Readability helps with exactly that.Â I like it.Â Very much.
How the public lost out on the battle between Big Pharma and generics.Â Â It’s a short but informative look into one of the many battles with big consequences for the costs of health care.
I know it’s supposed to be satire, but I kinda wonder if Ken Cuccinelli wrote this.Â Â Cuccinelli is the GOP candidate for Virginia Attorney General, and is such a bigot that even the normally spineless VA Log Cabin Republicans not only won’t support him, but are calling for his defeat.Â That link also helps illustrate why I think libertarian support for GOP candidates is misplaced (and that’s putting it very kindly):
No real libertarian has a record (like Mr. Cuccinelli does) of
Â· Opposition to repealing the state sodomy law, even though it was declared unconstitutional by the Supreme Court
Â· Opposition to allowing private companies to offer health and life insurance benefits to domestic partners of their employees
Â· Opposition to prohibiting employment discrimination on the basis of sexual orientation for state and local government employees
Â· Opposition to allowing local governments to choose what benefits they give their local employees
Â· Opposition to any kind of legal protections for gay and lesbian couples, even the limited rights embodied in domestic partnerships or civil unions
Â· Support for banning gay/straight alliances in public high schools
Â· Support for state funding of abstinence programs
Each one of those stupid little Gadsen flags ought to have an asterisk at the end of “Don’t Tread on Me”, leading to a “Tread On Him, Instead.”Â That would be a far more honest and accurate portrayal of the beliefs of the vast majority of “libertarians.”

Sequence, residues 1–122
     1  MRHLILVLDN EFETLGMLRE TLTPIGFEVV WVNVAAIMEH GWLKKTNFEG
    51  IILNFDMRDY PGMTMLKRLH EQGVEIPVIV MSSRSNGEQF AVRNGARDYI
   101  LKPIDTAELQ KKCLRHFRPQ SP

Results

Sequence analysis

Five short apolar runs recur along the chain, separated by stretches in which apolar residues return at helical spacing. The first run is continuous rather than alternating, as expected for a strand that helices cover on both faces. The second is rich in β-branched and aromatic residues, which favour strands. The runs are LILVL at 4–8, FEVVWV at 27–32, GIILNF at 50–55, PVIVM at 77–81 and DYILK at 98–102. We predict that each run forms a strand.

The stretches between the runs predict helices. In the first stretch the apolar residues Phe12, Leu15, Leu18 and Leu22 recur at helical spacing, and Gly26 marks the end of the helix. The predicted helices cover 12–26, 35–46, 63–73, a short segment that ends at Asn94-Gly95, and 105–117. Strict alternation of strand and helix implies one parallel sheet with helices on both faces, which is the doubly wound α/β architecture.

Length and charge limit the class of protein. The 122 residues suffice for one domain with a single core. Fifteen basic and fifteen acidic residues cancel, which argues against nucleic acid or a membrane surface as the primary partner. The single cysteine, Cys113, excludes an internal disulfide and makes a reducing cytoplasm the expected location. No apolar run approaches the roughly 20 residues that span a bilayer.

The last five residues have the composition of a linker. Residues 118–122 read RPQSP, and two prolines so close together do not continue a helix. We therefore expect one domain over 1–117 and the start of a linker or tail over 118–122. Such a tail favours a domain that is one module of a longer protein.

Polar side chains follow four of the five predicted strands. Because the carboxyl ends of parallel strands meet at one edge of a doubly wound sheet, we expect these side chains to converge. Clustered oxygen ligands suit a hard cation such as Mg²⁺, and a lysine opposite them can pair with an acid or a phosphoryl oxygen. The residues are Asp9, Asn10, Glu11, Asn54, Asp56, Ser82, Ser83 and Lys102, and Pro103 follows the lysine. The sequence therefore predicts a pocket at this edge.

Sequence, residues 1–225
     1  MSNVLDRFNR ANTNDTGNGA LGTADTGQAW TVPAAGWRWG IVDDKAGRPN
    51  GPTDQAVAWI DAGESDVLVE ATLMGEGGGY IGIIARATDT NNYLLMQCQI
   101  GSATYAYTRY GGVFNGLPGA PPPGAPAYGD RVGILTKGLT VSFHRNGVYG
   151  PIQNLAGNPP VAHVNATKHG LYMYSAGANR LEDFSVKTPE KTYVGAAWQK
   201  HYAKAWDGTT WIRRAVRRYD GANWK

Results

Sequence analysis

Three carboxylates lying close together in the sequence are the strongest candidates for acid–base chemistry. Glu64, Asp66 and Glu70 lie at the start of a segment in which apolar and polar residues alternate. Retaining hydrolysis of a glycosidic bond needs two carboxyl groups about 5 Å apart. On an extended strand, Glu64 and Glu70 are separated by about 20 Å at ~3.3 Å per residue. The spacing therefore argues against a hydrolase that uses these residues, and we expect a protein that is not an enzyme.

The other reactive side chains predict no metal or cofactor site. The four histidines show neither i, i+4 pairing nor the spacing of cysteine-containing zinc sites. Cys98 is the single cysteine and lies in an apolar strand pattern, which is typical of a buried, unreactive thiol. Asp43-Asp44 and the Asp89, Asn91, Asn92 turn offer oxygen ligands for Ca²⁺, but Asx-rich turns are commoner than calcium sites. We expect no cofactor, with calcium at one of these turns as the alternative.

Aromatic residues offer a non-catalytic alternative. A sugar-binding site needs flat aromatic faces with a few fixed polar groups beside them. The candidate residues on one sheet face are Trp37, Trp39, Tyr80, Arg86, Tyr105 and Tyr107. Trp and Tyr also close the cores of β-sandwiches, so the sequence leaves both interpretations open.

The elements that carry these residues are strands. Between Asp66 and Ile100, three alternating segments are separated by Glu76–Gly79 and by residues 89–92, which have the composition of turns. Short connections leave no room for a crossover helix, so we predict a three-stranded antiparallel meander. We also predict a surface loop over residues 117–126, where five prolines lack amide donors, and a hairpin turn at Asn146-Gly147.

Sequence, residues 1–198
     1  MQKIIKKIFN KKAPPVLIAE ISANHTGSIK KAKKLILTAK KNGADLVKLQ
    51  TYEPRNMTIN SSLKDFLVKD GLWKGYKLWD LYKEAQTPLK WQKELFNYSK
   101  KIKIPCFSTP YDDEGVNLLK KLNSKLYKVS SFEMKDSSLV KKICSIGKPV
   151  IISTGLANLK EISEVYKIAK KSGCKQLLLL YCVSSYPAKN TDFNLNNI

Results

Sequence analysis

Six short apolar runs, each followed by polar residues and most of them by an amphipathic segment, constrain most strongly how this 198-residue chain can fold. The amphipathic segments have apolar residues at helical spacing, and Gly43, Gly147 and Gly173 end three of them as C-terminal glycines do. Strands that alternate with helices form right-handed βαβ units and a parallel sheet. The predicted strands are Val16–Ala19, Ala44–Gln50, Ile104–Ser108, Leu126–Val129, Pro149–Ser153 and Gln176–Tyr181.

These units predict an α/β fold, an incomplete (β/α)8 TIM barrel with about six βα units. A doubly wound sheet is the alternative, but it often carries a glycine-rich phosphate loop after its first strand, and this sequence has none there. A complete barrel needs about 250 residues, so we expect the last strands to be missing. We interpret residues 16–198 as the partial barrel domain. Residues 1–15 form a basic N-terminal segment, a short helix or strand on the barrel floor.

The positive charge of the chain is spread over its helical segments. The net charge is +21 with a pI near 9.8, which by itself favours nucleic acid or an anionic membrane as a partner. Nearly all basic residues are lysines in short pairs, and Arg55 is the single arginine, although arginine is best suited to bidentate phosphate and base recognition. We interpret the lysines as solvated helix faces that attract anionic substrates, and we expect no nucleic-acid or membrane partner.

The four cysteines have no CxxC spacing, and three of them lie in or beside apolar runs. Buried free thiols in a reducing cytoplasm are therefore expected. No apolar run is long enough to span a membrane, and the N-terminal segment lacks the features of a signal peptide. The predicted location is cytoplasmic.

This shockingly useful gadget is running as an ad on TPM:
I very much recommend this article on Matthew Hoh, a Marine and Foreign Service Officer who recently resigned because:
“I have lost understanding of and confidence in the strategic purposes of the United States’ presence in Afghanistan,” he wrote Sept. 10 in a four-page letter to the department’s head of personnel. “I have doubts and reservations about our current strategy and planned future strategy, but my resignation is based not upon how we are pursuing this war, but why and to what end.”
Read more about him, as well as a copy of his resignation letter, here.
Update: Glenn Greenwald takes a closer look at the resignation letter.
In case you’ve not seen:
Today’s topic is Harder, Better, Faster, Stronger – descriptors that don’t bring either of the guys running for governor in VA to mind.Â So, a bit of distracting fun.
Daft Punk has the original – Harder, Better, Faster, Stronger.Â I think I first tuned into it during my 2004 trip to Hong Kong, and it fit perfectly:
The original video is here, but I can’t embed it because the record company hates you.Â So we move on to some fan vids.
This one attempts, you see, to match the lyrics to the moves.Â Very clever.
But it was inspired by an original – which I just don’t think can be topped:
It’s amazing, the admirable skills in this world that are utterly useless.
A video produced by the LAPD
Just picked up this press release, which I’m passing along in its entirety, because it’s such a great idea:
C&O Canal Trust to Hold Open Houses to Launch New Canal Quarters Program
â€œStay the Night, Remember Forever!â€